t MntMwu&n &xtt NOT THE GliOllY OF CJ3SAK It V T THE WELFARE OF ROME BY II. B. STACY. RESTORATION OF THE JEWS. It is stated in llio Now York Evening Star, that Professor Rush oftliat city, in u, lecture recently delivered, endeavored to show that the prophecies respecting the restoration of the Jews could he un derstood no otherwise than literally. Ju reference to this subject, M. M. Noah, (the editor of the Star) himself a .lew, quotes the following extract from Black wood's Magazine, and adds thereto the remarks annexed : Huston Courier. " It is impossible to read the Scriptu ral references to the future condition of Palestine, without discovering a crowd of the plainest and .most powerful indica tions that it shall yet exhibit a totally different aspect from that of its present state. Enthusiasm, or even (tho natural intciWvliiefrjo feel 1i this memorable' nation, may color the future to us too brightly ; but unless language of the most solemn kind, uttered on the most solemn occasions, and by men divinely com missioned for its utterance, is wholly un meaning, wo must yet look to some pow erful, and unquestionable, display of Pro vidence, in favor of the people of Is rael. The remarkable determination of Eu ropean politics towards Asia Minor, Sy ria, and Egypt, within theso few years ; the not less unexpected change of manners mid customs, winch seemed to defy all fliango; and the new life infused into the stagnant Governments of Asia, even by their being Hung into the whirl of Euro pean interests, look not unlike signs of the times. It may bo no dream to imag ine in the phenomena the proofs of some memorable change in the interiorof things some preparatives for that great prov idential restoration, of which Jerusalem will yet be the scene, if not the centre ; and the Israelite himself, the especial agent of those high transactions, which shall make Christianity the religion of all lands, restore the dismantled beauty of all earth, and make man what he was cre ated to be only 'a little lower than the angels.' The statistics of the Jewish population are among the most singular circumstan ces of this most singular of all people. Undorall their calamities and dispersions, they seem to have remained at nearly the same amount as in the days of David and Solomon, never much more in prosper ity, never much less after ages of su tier ing. Nothing like this has occurred in the history of any other race ; Europe in gen eral having doubled its population within the last hundred years,and England near ly tripled hers with the last half century; the proportionof America being still more rapid, and the world crowding in a con stantly increasing ratio. Yet the Jews seem to stand still in this vast and gen eral movement. The population of Ju dea, in its most palmy days, probably did not exceed, if it reached, four millions. The numbers who entered Palestine from the wilderness were evidently not much more than three ; and their census, according the German statists, who were generally considered to be exact, is now nearly tlie same as that ol the people un der Moses about three millions. They are thus distributed : Tn Europe, 1,910,000, of which about 058,000 are in Poland and Russia, 453,- 000 in Austria. In Asia, 7(58,000, of which 300,000 arc m Morocco. In America, North and South, 57,000. If we add to these about 15,000 Sa maritans, the calculation in round num hers will be about o, iS0,000. This was the report in 1S25 the num bers probably remain the same. 1 iio extraordinary fixedness in the midst of almost of universal increase, is doubtless not without a reason it we are even to look for it among the mysterious opera' tions which have preserved Israel a sep arate race for eighteen hundred years May wo not naturally conceive, that ; people thus prosed without advance or re troccssion; dispersed yet combined; bro ken yet firm ; without a country, yet dwelling in all ; every where insulted, yet every where inlluential; withouta nation yet united as no nation ever was before or sinco-has not been appointed to offer this extraordinary contradiction to the com mon laws of society, and even tho com men progress ol naturo without a cause and that causo ono of final benevolence universal good, and divine grandeur?" Wo apprehend there is some error in the above statistics, and that the number of Jews throughot tho world may bo csti mated at nearer six millions than three Thoir numbers will never bo accurately known until tho restoration when thousands who, from convenience and pride, and some from apprehension conceal their religion, will bo most eager to avow it when their nation takes rani: among tho Governments of tho earth. Though thoy may not bo powerid to numbers, will still outnumber seven of tho existing European monarchies, but for difi'usion of general intelligence quickness ol apprehension aptness in business concerns amazing ministry ana enterprise, and incalculable wealth, they will constitute, for their numbers, tlto greatest nation on earth, and the whole of ludea will, in a low years alter the res toration, exhibit a most splendid spocta- Ic ol tho united power ot riches, talent, uul indomitable enterprise. All tho old ports on the Mediterranean will bo again pencd, the harbors cleared, and the ruin ed cities rebuilt, from Alexandria to the Rosphorous; the old canal reopened from airo to the lied Sea; the trade to India through the Straits of Dabelmandol re ivedmanufactories established, and the water newer of the Jordan and the Dead Sea used for mills railroad laid down to tho Euphrates, and the hole of the commerce of Persia diver ted into new channels. What tho result of tho restoration may be is not to bo doubted; but the means of bringing about this event arc not so well established as vet. We. must keep our eye uirectcu towards the Last, anil depend upon events which Providence disposes to tho ultimate completion of his will. War is costlv and il the Pacha of Egypt refuses obedience to the Sultan, and the Sultan is sustained by Russia against Egypt ; if Persia forms allies, and takes part in tho the wars ; il India is threatened, and the ir becomes general m the East, the restoration of the Jews as a measure of policy and expediency, may bo closer at hand than many imagine. Come when may, the Jews are ready, not only to form their Government, but to embrace in its protection and toleration tho two great branches long separated from the arent tree, Christianity and lslainism the planets which have revolved around the Sun the streams flowing from the great fountain and then will be realized the oath to Abraham, " In thy seed shall ill the nations ol the earth be blessed. N. V. Star. As one of the most striking and signifi int signs of tho times in which our des tiny is cast, we cannot, says the London Vthenaiiim, avoid referring to a recently published appeal addressed to the Pro testant inonarchs ol Europe, on the sub ject of the restoration of the Jews to their own country ol the Promise. I his sin- ar document recites the original cov enant made with Abraham, and referring to the opening suggested by the present posture ot Oriental allair.s, pleads the ausool the wanderers boioro the princes of Europe, in every one of whose domi nions they were so latelv a proscribed and denounced race, that it seems as if the world could scarcely have got so much older and wiser in the short interval. In tho face of general demonstrations so full of meaning, all partial attempts to ro-es- ahlisli the reign ol bigotry lose their ter ror. If there be something striking in this ippeal from the Jew to the Gentile on the strength of other arguments than hisgold, there is, if possible, something still more strange to our antiquated notion .of the Jewish character llsell, in a lact which we find stated elsewhere. It appears, that the, Hebrews of the town of llosemberg, the capital of the district ofOppelon, in Prus sian Silesia, understanding that the erec tion of the new Lutheran church in that place was impeded for want of fund subscribed tho required amount for i's completion, and accompanied tho gilt by i letter express their desire for the spread thi: feeling ot universal brotherhood, un disturbed by dillerences ot religion. Ver ily, the Jewis another character, lost to the page of European romance. Jiosfon J. uncs. Tun Jr.ws important ip true. A Hamburg paper, the Dorpzeitung, says: "Tho Jews of Constantinople, with their Kabbi, declare that thoy will not wait any longer than another year for their Mes siah. Jl, within that time, he does not ippear, they will conclude that ho is al ready recognized. J ho iinhbi is entire ly of this opinion, and has even proposed to bis congregation to profess Christianity lorthwith." From the N. V. Weekly iMecnser. Tilt; DAHLIA ami MOSS ICOS1 I1V MRS. MARY L. CARDINUR. Elizabeth was tho only child of Mi and Mrs. M., people of immense wealth 1 hey were located in tho town ol A and dwelt in a superb mansion, situate upon a beautiful eminence on tho river T Petted and spoiled from infancy, no wis of her heart was ungratified. She was truly beautiful. Tho glanco of her darl eye was penetrating as tho piercing ray of a sunbeam. Hers was tho power to raise or depress the spirits of those around her. Mich was her unconquerable lov of gratification, sho could not rest until every wish of her heart was accomplished. She loved tho praiso and adoration of her friends, to which sho was so much accus tomed that sho seemed to demand them whenever sho appeared ; and was restless unless sho was the themo of universal ad miration. Ellon W. was an oiphan. Sho was placed, at hor parent's (loath, with her father's sister, Mrs. S a lady of high intellectual attainments, and ardent piety. Their dwelling was situated in a beautiful valley in the suburbs of tho town ofN . Everything which naturo und art could combine scorned juiinglod in F KID AY, MAY this delightful vale. The mountain scenery on the west, was calculated to inspire tho mind with awo and sublimity. Tho trees ol the forest towered on its top, and tho roses and myrtles bloomed in sweet security upon its mossy edge. Numberless rivulelsineandered from their rocky beds, in murmuring streams, amid their own native solitude. It was oppo site this mountain Ellen W. resided, and like Dryads of tho grove, sho delighted to range over its sloping sides, and bound, like the fawn, toward its dizzy height. Mrs. S. carefully instilled into tho ex panding intellect of her neico tho purest principles. And under her transforming hand, she grew in all tho loveliness of nature. Her mind was early imbued with piety, and stored with useful knowledge. Shu was taught, not only to explore tho pjbgcsdr history, tin) firt of painting and music, but she perfectly understood the principles of domestic economy, bho was nature's true votary. She loved to contemplate the varying seasons, nnddc- ived pleasure and instruction from the lessons they taught her. Sho delighted, at twilight's soft and hallowed hour, to view the golden sunset, the glowing crim son, with its emerald tints, tlie nine ar ched sky, with its cAfctial garniture ; ami in childhood's yielding hour, would clasp! her fairy hands together, as she looked upwards to the starry heavens, and fancy her beloved parents were gazing upon her, through the bright scintillations which beamed so sweetly above. Music was her passion, and with the sweet songster of her native grove, sho warbled in her own wild melody. She v a 1 eimr li?ht as air, Her law and lurm, divinely fair. Her disposition amiable, her counte nance the perfect confound beauty. She tad been the pupil ol tho village pastor ; tho favorite lamb of his flock. Beloved by all who knew her, and designated the Hose of the Valley, around the heart of her aunt she wound herself, as the young ivy twines itself around its parent stem. Theirs was that happy coincidence of mutual feeling which leads to unbounded confidence. Willi a small income, thoy managed not only to live genteelly, but to assist in relieving the wants of many, in whose eyes, as they blessed them, the tears ol thankfulness gleaned, hko the pure drops of the morning. While the voting ladies were in their eighteenth year, Henry Carlton, and Alfred Harrington, who had lately gra duated from Vale College, were visiting different parts of the United States, and wore spending sonic time at iN . At a soiree, given by Elizabeth's father, these young gentleman were invited, and went. On entering, they were dazzled bv the brilliancv of the scene. No ex pense had been spared to render it ono of uncommon splendor. Elizabeth had seen the handsome strangers, and had ascer tained they were wealth'. She entered into tho amusements ot tho evening with her whole heart, determined to enroll them on the list of hor admirers. She indeed looked beautiful. 1 lor eyes beam ing with pleasure and iier countenance lighted up with smiles. She was dressed in dark satin, with white pearls. She moved around, the presiding divinity of the evening, a tar of the first magnitude in fashion and folly. To her the friends were introduced, and with many others, bowed to this proud beauty. Unrivaled, carcsscd,gratifiod and adored, she seemed to walk on air, for sho was reveling in her own element. As Henry C, and Alfred II., with their fair companion prome naded from room to room, beneath the rays of an hundred lights, which cast a magic upon tho scene, they became in terested in a lovely young creature, who was bending with inimitable grace, over a splendid centre table, admiring among a profusion of what was calculated to please the votaricrs of our nation's idol, a remarkable well executed print of an cient Greece, with its dalipidated temples and moss chid towers. So completely was sho engaged in viewing it, that had she been in reality, with tho youth and maidens of Athens, turning their lutes beside their native rills, wandering over their vino-clad mountains, or amid their balmy groves, she apparently would not have been more unmoved by tho scene around her. Arrayed in transparent mus lin, which hung in lose folds around her sylph-like form, her head resting upon her hand, over which clustered a profusion of dark raven curls; modest and unas suming in appearance, but oxquisitly beautiful. Elizabeth on beholding tho stranger's inquisitive gaze, approaching, saw Miss W , when, looking up, sho bowed with ease and pleasantness. After some conversation, Henry Carlton oll'urod her his arm, and with him she strayed amid tho giddy throrjg, until thoy again found themsclos at tho table, where they were soon accosted by Alfred and Elizabeth, tho latter exclaimed, "Mess mo, how en gaged you arc. Pray what is your em ployment? Plodding over Concic sec tions, orstudying the language of flowers?" This sho said with an inch smile. "Wo wore looking at this print," replied Carl ton. "And pray what is it?" said Eliz ubcth. "It is tho duhliu and the most 15, 1840.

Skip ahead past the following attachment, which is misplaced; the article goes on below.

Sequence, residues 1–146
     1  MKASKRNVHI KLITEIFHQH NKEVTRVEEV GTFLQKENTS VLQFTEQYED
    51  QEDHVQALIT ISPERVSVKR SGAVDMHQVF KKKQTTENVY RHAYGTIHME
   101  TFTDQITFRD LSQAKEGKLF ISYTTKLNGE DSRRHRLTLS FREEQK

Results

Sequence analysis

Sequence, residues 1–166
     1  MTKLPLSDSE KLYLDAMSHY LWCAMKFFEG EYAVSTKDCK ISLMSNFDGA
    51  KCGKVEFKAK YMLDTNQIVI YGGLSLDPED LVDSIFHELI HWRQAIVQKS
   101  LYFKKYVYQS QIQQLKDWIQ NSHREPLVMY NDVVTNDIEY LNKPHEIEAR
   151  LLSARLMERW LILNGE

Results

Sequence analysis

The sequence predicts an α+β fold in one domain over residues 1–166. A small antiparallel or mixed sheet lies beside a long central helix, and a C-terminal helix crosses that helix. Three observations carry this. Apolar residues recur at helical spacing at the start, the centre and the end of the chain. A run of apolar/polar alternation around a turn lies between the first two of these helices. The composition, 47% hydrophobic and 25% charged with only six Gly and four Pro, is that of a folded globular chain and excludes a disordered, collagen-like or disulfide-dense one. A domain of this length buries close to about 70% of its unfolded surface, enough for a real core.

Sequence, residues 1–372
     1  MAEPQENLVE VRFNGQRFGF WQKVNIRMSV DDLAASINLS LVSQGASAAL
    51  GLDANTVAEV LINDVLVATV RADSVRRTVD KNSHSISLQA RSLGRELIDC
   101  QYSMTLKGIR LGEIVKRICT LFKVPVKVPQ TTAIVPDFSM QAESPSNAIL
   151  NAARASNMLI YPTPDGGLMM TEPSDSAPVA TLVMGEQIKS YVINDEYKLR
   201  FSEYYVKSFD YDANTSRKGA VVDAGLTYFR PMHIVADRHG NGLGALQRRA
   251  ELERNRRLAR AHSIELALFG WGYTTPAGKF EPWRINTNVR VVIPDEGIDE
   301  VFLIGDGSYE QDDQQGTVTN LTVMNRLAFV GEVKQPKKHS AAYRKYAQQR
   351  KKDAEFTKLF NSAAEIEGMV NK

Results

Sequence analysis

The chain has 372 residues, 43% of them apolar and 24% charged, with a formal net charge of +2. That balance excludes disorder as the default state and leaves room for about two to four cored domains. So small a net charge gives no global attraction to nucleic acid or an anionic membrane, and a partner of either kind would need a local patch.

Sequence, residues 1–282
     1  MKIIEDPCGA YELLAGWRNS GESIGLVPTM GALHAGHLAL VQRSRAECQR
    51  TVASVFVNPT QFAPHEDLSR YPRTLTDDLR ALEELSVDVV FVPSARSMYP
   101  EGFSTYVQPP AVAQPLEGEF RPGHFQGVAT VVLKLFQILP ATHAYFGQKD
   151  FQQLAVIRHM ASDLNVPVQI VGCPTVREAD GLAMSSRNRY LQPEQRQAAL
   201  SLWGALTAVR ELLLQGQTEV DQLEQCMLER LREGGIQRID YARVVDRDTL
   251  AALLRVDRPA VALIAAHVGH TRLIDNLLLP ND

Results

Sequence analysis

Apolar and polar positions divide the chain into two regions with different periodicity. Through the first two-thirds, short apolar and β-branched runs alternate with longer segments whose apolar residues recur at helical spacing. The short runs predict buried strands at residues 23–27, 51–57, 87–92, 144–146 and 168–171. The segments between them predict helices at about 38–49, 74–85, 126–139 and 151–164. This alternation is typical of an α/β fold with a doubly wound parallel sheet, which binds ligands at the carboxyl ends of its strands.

rose," replied ho, "are they not beautiful? Wlvit a striking emblem, what a perfect paiallel of tho two bright beings now be fore me." "I do indeed admire it," said Miss M. "Oh ! is not tho dahlia splen did ?" "Is not tho rose enchanting? said Henry "would that I could pluck it from its parent stem, and were it forever in my bosom." As he spoke, his eloquent eyes rested upon Ellen, who, blushing deeply, with difficulty- suppressed a sigh. Ho saw the emotion his words produced; there was something in her expressive in telligent countenance, which rivitcd tho soul of Henry Carlton, and chained him to Ellen W. forever. A ffiw years having elapsed, we are again with our young lriends, Alfred Ilar rin"mi, and Elizabeth M. in their splendid mansion; Henry Carlton and Ellen W. in theirs- Hut how great the contrast! Eliz abeth M. aftcrhcr marriage, lived in a con tinued round of dissipation and folly,until she became weary of her own existence. She was tho mother of two lively children was still the idol of her parents; "and might have been the happy wife of an indulgent husband. Hut so f,abituatod had shebo coino to a continued round of excite ment and pleasure, that she lived no longer than when under their immediate influence. IIorhcaHi became impaired. Hor husband expostulated; caressed his little ones, placed them often before her, with their innocent smiles, and infant prattle ; even lulled ibum to repose, in bis own affectionate 'losom to win her peace and comfort. He strove in every way to make her happy Hut in vain"; wretched, nervous, of tourso irritable; nothing couldsuit, nothingcould please Whatever she wished for, she obtained but the pleasure vanished with the pos session. Her mind was continually upon the rack for something new. To please her was impossible ; her days vera spent in restlesness and gloom. Her husband. wearied in his attempts, sought enjoyment abroad. The dwelling of Henry Carlton, and Ellen W., was tho abode of happiness and peace. Soon after their marriage, rtlrs. ft. died; and her lovely niece cen tered all her affections in her husband Ho was the idol of her heart's youmj mi-inn, .Mm snuioveu mm with all a wo man's fervor. Ho saw her devotion, and sincerely did he return it. His heart beat but for her enjoyment. 'I'lu y em .1 lo iloal iiion an azure cloud, Horn onward by die breath of purity. In the infant pledge of their hallowed affection, they were identified, as with rapture thov traced the lineaments ol their own beautiful faces in the dimpled mouth and sunny smiles of their young bud of love. Mrs. Carlton, with a mind purified and rehned, threw around her a holy light which increased with every fleeting mo ment. If ever a tear was seen to tremble in nor eye, u was wnon nor Heart was overflowing with gratitude lo that Being who had watched over her helpless infan cy, guarded herevery step, when a lonely orphan, and given her, m her husband her bosom s richest, sweetest treasure What Henry Carlton adored in Miss W ho idolized, ho worshipped in wife. J hoover for a moment felt disconcerted the smiles of his beloved Ellen dissipated the gloom and ho looked upon her nriiiiant gem, which irom vear to year. "had hung round his neck, but never lost its lustre." Tho dahlia roar her stalely head, And reigns anions the Dowers a queen ; The inc)i roc m its humble, led blu-hes amid the leaves unseen. Ambition saw ihe dahlia bloom, t-narldnis beneath tho miu's hricht mv. K'neeliiiir, IiommIM his fuiino doom. Amluiok'd awhile in lieauty'.s blaze. Too late ho saw with deep regret, Altho' his dahlia graced hi room, When lovelier (lowers around them met, It threw around no .sweet perfume. True worth the beauteous roc described, And pJiicoM it on his bosom's shrine; Go, bow to pride and wealth, he fried, 1 bullet this lovely Howor bo mine. Then roimd his heart from hour to hour, This leateoiis roso lie fondly twin'il ; And from each young nnfoldfmj flower, Dninl; the rich perfume of tho iniiul. Sag Harbor, L. I. "Mv MoTiimt i,i:.RN'r.i) sin to work." Such was tho remark of ono of our Huston matrons, who had graced tho first circle of society, whoso husband was re puted to bo rich, but who in tho great commercial pressure of "57 had, in com mon with many others of his class, all tho profits ofyears swept away. "My moth er learned mo to work" and her face looked as happy in her cheap lodgings, as ever il did when surrounded by the para phernalia of luxury and pnifo. Such a wifo is a treasure ; but what would she have been, had not her mother learned her to work? Boston Times. A few weeks since in the town of P , a young loco foco, with scarcely heard on his chin, was sneering at Gen. Harrison's poverty, observing with much contempt that ho threshed his own grain. It is true, answered tin old Fanner pres ent, (Jen. Harrison does thresh his own grain, ha also threshed the enemies of his country in 18 III and will thresh llioni again in Nov. 1840. Dover Enquirer. nts t'rom tho Ihiltiinoru American. 1REAT NATIONAL CONVENTION. Wo promise to give below some ac count of yesterday's proceedings, as full mil accurate as possible, although any thing like a complete history of so mem orable a day, including all details and in cidents, would be quilo beyond our pow er in tho brieftimu allowed us now. We might state the. vast numbers in atten- incc the banners, badges, order of procession, and every statistical Hem both ofarrangenient and proceedings but tho sketch would still be altogether im perfect. For how were it possible to to. transfer to paper the reality of the scene totrantuso into a description tho living spirit which quickened the immense concourse as one man and which, more than the array of banners or the pagean try of processions, constituted tho real element of subsistence to tho mighty gathering, prompting the eloquent har angue and the responding shout the deep enthusiasm of word and look with which friend greeted friend, or which, diffused in silence like a palpable presence over the vast assemblage, imparted a feeling of solemnity and grandeur blended in uni son with the idea of a Nation's majesty. J t seemed as though the people ihem selves had mot in their legitimate atti tude of sovereignty, to vindicate the Con stitution and the Laws, and to rebuke the presumption which, seated in high places had used delegated power as though it were a a soil-derived authority, forget' ting tho dread allegiance to the sacred charter of American freedom. Delegations were in attendance from every State. From Thursday evening until yesterday noon tho tide augmented continually bv fresh accessions, set stea dily towards the Reception Room at the Lutaw i louse, where names were regis tered and lodgings assigned in tho hos pitable houses of Whigs throughout the citv. New Annand came in force from the banks of Krnnelteck from the green hills of Vermont, from the Valley of the Connecticut, where the echoes of triumph yet linger, prolonging the shouts of recent victim' so noblv achieved there from gallant Jihode. Island, her sister in glory from the bosom of the Old Day Stale, where Independence leans upon his spear and looks towards Faneuil Hall ; from town and city and rural abode they came an ardent band, bringing with them the unconquerable spirit and steady purpose which never yet have ceased to characterize the descendants of the Pilgrim Fathers. Tho Empire Slate gave forth hor sons from the shores of Erie to the waters of the Hudson, and the sound of her voice was like thunder, us it mingled in the blended acclaim of the congregated host. From tho plains of Monmouth and the battle fields and Princeton, and from the regions adjoining, came an earnest crowd bearing the veiled image of New Jersey and with mute eloquence appealing to friends and brethren for justice against tho violence which had done outrage to her honor. The Democracy of Penn sylvania gathered from every valley of the Keystone fstato from our sister city of Philadelphia, from Pittsburgh, Lancas ter, Uniontown, from Carlisle, York and other towns of tho interior marrhiug un der tho banner of the Hero of Tippeca noe, whose favorite name, sounding through the Alleghany heights, and along the valleys of the .Susquehanna, the Dela ware, and the rocky battlements of Mo nongaheln, has aroused an enthusiasm which nothing can suppress. Ohio was the first in reaching the city through her Zanesville delegation an evidence of zeal which sho will bo eager to repeat at tho polls in duo time, and which befitted her well since she claims tho Farmer of Forth Hend as her son and citizen. Indiana, mindful of her own history and ofu's services who once pro tected her in the days of her infancy, stood forth in a strong delegation of man ly youth. Michigan held not back, but with .Illinois and Missouri, gave stout hearts and warm ones to join in tho proud fellowship of the national communion. Tho spirit of Kentucky, noble and gen erous, asit displayed itselfat ilarrisburgh mingled with tho aggregated elomouts of patriotic ardor gathered from all quarters of tho Republic. From Tennessee Ar l;ansas M ississippi . I labama Geor gia and South Carolina delegations came, fewer in numbers than from the more continguous State, but all nnimated by that feeling of a common enthusiasm which constitutes a bond of brotherhood between Whigs in all quarters of the Un ion and prepared to join with thoir brethren in the solemn pledge about to bo entered intobeforo tho eyes of tho whole country. North Carolina, oagor to vin dicate her claim once more to the glory of being a whig State, and to givo a tokou of tho spirit with which her name will bo redeemed next fall, poured forth a pow erful detachment of her chosen youth; whilo the Old Dominion, from tho wide extent of her territories from highlands VOL,. XIII No. 673 uul lowlands gave up her noble sons, who came with tho song of Virginia's deliverance on thoir lips,to receive it. turn congratulating shouts lrom tho congrega tion of their countrymen. The delega tion from Virginia was estimated at fifteen hundred strong. Delaware, as m tho days or the Revolution, marched gallant ly to tho rendezvous, and once more tho Delaware and Maryland lines stood sido by side, united in a common cause. Our neighbors from tho District were with us, too in great force. How strong must be that feeling of en thusiasm which thus drew together from such remote points such a multitude of mon of all tempers, habits, pursuits various in their local peculiarities, and divers in their opinions on indifferent matters summoning each from his indi vidual business some from the plough, others from the counting-house, the oflico, and all at a sacrifice of personal conven ience how deep and strong, we repeat, must be that feeling which could thus bring together so many men from such different and distant (iitarters, and causo them, when assembled in ono body, to hail each other as brethren, to plight witti hearty goodwill the mutual hand of fellow ship, and to blend all thoughts and feel ings in harmony on tho great subject which they met to confer upon! Not a district of this great Republic was without its delegates. Representatives were hero from beyond the Mississippi from tho borders of the great Lakes from tho shores of the Gulf of Mexico. The sons of the Puritans met with the descendants! of the Cavaliers the Western Huckcyo was seen side by side with the Palmetto of the South the dwelleron the sea-shoro saluted tho hardy mountaineer. Thero was a general commingling of hearts and voices local prepossessions, indivdual preferences, every thing that might with draw the mind from the one great purposo of the meeting were set aside, in order that one undivided, deep-felt and univer sal feeling of opposition to the party in power might have a hearty, loud and unanimous utterance. This voice has gone forth ; it will reach every corner of the land it will roll through valleys far and near, and reverberate from mountain to mountain. It will mingle with tho rushing sound of the Mississippi waters, and blend with every breeze that sweeps over tho plains of the South ; New Eng land will echo back the voice which tho Empire State shall prolong, and Pennsyl vania take up the flying sound until tho note of remonstrance and indignation shall swell into one of triumph and victo rious joy. The concentration of such a multitudo from various points, it may well be sup posed, created no small bustle and excite ment in our city. It was like the gather ing of the clans, when the fiery cross sped from hill to hill among the Highlands, and every true heart responded to tho sum mons. Estimates of expected numbers usually exaggerated in such cases, for once fell short of the reality. Tho Com mittee of Reception sat night and day with the names of Whig householders beforo them, and found incessant employment in distril uting the new comers among our hospitable citizens. The spectacle presented by our streets yesterday morning was of the most ex citing and cxhilirating kind. The day before had been cloudy, and on Sunday night a heavy rain fell ; but tho morning of the Fol'uth or May opened brightly, ii i nl the sun rose in a cloudless sky. From various points the delegations moved at an early hour with banners and music to take their allotted positions in west Balti more street. Each detachment as it pass ed on was greeted with shouts ; the wind ows were crowded with ladies, who lev ti ed with delight upon tho scene to ;vn.ch their own presence, with waving hand kerchiefs and fluttering veils, gave a bright adornment. Tho marching of tho in numerable divisions, the array of ban ners, tho galloping of the marshals to and iif, decorated with gay sashes tho sounds of music answered to music, and of shout provoking shout all imparted life and enthusiasm and gave a happy beginning to tho coming pageant. THE PROCESSION. Tho Procession was led by Captain James O. Law, Chief Marshal of tho day, and an aid on each side on horseback, lie has appointed five assistants; they were Messrs. James II. Miliken, Wash ington Hooth, Charles H. Winder, Levi Fanestock and J. W. Osborne. A fino baud of music immediately followed tho Marshal, playing Harrison's March, as composed by Professor Deihnan. Then camo the President and officers of tho H A LT 1 M O R E CITY DELEGA TION, bearing a largo white banner on a frame, with tho following nppropriato Lrnscription from a new and popular song : "Tho people nro coming from plnin nnd Iroia mountain, To join tho brave band of tho honest nnd frtv, Wliteh Krows ns tho&trcnm from the leaf-sheltered fountain. Spreads broad and inoro broad till it roaches iho fca: "o strength can restrain it, no force can retain it, WhnieVr may resist, it breaks piillnntly through, And borne by its motion as u bhip on the ocean, Speeds on in his clorv OLD TIITKUANOK'J The iron nrm'd toldior, thctruo hearted soMicr, The cat hint old soldier OFTUTKCANOK!"